More financial aid from next month for needy students: Ng Chee Meng
From next month, the Ministry of Education (MOE) will be increasing subsidies, bursary amounts, and income ceilings for financial assistance to benefit more needy students from primary to pre-university levels, said Minister for Education (Schools) Ng Chee Meng in Parliament on Monday (5 March).
The monthly gross household income ceiling for mainstream and Special Education students to qualify for the MOE Financial Assistance Scheme will be increased to $2,750, up from the current amount of $2,500, said Ng at his ministry’s Committee of Supply debate over Budget 2018.
Some 6,000 more students will qualify for financial aid under the enhancements. The monthly per capita income ceiling will also be raised from the current $625 to $690.
Students at the secondary school and pre-university levels will also get a full waiver of their school fees and standard miscellaneous fees under the scheme. Primary school students will also have their miscellaneous fees waived.
Pre-university students under the financial assistance scheme will see their bursary quantum increased from $650 to $900.
Students in MOE-funded special education schools will receive assistance with basic schooling expenses, such as school fees, textbooks, school attire and transport.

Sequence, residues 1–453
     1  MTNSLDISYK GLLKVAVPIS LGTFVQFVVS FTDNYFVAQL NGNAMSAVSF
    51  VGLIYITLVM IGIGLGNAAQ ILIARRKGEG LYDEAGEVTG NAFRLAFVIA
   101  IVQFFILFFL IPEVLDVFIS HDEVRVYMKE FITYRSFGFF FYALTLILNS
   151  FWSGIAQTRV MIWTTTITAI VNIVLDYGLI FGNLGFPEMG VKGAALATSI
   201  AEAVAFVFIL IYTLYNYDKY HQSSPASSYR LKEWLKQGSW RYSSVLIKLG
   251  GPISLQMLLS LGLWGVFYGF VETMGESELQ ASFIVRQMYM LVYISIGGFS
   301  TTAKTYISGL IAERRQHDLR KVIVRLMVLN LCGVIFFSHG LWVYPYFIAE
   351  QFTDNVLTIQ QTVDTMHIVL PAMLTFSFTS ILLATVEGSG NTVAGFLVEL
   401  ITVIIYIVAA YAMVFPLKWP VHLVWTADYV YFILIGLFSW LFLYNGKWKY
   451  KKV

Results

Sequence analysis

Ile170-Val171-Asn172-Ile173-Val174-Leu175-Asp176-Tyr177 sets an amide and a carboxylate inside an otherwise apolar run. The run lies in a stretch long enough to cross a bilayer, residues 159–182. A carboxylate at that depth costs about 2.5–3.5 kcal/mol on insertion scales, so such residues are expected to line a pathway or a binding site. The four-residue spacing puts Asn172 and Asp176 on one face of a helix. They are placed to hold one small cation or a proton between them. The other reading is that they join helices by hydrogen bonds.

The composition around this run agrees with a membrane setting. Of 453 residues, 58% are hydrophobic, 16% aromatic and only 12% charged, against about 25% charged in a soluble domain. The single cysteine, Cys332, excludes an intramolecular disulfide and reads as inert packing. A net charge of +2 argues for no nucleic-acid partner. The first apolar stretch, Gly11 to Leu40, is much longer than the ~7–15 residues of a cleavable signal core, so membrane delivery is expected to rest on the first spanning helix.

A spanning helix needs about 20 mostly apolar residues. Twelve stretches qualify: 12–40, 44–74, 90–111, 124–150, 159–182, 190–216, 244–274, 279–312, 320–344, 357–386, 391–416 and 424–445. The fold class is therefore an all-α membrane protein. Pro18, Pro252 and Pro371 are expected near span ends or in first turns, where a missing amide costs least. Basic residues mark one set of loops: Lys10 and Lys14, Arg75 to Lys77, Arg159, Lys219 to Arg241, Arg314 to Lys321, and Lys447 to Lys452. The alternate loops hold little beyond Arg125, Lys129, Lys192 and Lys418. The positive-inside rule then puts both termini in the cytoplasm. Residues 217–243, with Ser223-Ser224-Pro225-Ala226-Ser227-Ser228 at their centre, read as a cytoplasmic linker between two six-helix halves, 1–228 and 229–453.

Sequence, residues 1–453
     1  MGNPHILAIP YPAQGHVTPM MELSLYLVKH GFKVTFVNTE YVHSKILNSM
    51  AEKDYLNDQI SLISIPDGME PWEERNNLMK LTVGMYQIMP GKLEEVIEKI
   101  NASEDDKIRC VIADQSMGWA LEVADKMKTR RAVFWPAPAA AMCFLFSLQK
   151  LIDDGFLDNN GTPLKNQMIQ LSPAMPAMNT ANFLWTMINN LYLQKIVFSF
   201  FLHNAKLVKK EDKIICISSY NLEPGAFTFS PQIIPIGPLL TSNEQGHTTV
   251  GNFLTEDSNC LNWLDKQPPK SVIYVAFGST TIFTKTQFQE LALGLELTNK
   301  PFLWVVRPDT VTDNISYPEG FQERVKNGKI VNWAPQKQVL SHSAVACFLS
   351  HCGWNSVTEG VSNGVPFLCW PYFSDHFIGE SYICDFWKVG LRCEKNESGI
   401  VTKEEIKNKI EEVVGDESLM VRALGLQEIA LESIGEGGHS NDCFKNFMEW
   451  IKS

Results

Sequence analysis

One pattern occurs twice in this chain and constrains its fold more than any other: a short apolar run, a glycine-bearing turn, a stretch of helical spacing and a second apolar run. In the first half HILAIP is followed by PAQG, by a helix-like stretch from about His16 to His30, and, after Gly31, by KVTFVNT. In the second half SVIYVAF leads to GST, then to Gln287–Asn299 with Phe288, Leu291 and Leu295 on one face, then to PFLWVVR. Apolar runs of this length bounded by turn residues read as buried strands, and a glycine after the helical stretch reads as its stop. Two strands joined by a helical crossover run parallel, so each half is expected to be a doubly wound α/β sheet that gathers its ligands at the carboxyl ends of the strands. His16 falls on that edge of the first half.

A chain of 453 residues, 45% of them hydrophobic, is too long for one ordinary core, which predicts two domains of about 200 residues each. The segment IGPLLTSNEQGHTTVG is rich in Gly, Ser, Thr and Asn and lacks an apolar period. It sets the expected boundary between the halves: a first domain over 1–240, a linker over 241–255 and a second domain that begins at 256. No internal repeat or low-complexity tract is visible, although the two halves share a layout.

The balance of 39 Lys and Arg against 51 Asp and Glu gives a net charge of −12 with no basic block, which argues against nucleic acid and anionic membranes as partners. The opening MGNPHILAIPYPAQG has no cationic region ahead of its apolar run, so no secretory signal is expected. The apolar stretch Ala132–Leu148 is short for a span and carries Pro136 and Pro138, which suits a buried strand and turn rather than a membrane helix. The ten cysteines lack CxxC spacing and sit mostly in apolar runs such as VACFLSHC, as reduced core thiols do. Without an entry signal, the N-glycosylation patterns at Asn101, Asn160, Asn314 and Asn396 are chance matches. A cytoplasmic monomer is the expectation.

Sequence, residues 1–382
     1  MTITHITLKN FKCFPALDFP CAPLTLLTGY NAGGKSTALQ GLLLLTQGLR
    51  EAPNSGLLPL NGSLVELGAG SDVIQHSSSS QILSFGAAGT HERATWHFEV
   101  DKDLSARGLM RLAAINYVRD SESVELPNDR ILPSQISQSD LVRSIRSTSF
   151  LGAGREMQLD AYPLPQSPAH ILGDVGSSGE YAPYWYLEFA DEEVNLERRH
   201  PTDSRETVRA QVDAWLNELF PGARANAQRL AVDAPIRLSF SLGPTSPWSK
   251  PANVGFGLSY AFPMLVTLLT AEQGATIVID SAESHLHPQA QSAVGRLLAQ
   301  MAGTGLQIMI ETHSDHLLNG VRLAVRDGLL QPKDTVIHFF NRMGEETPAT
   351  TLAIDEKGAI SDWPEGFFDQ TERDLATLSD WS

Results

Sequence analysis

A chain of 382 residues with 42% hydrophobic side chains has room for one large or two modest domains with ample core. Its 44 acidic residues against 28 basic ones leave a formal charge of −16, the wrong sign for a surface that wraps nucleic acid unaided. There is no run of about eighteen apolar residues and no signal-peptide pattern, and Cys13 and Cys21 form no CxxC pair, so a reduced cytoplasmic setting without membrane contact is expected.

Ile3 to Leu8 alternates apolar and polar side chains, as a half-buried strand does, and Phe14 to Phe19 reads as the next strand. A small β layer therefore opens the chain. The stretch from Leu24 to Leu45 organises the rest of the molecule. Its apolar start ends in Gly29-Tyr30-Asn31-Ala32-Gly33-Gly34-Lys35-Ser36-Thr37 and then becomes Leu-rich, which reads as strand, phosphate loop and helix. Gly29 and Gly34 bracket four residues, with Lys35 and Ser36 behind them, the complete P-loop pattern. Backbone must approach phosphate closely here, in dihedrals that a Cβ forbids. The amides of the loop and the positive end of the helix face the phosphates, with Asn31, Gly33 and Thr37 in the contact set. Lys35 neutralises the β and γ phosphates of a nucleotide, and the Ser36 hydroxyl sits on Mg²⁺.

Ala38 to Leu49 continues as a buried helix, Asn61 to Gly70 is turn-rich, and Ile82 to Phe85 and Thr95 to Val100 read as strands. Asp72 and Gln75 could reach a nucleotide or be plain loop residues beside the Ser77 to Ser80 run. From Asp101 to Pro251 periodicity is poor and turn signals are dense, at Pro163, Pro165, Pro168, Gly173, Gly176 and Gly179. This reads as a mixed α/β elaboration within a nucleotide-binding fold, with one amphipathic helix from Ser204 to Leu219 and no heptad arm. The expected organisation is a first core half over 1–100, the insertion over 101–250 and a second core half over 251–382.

There will also be an expanded School Meals Programme, which provides students who need financial aid with meal subsidies.
Secondary school students, including those aged 13 and above from special education schools, will receive subsidies for 10 meals instead of seven meals per school week.
Primary school pupils will receive subsidies of $2 per meal, while those in secondary schools will receive subsidies of $2.50 per meal.
The Edusave Merit Bursary income ceiling will also be raised to benefit more students. The ceiling will be raised from $6,000 to $6,900, while the monthly per capita income ceiling will be increased from $1,500 to $1,725.
Primary school pupils will also receive $30 more in their Edusave accounts from next January, and secondary school students will receive $50 more.
The qualifying income criteria for needy students in Independent Schools and Specialised Independent Schools will also be enhanced, which will let 200 more students from middle-income families receive higher fee subsidies.
The enhancements to the financial assistance schemes will cost the MOE some $100 million a year. They will benefit 10,000 more students than previously, placing the total figure at 90,000 students.
To enjoy 33 per cent fee subsidies, the qualifying gross household income has also been adjusted to between S$6,901 and S$9,000. Currently, the amount stands at between S$6,000 and S$7,200.
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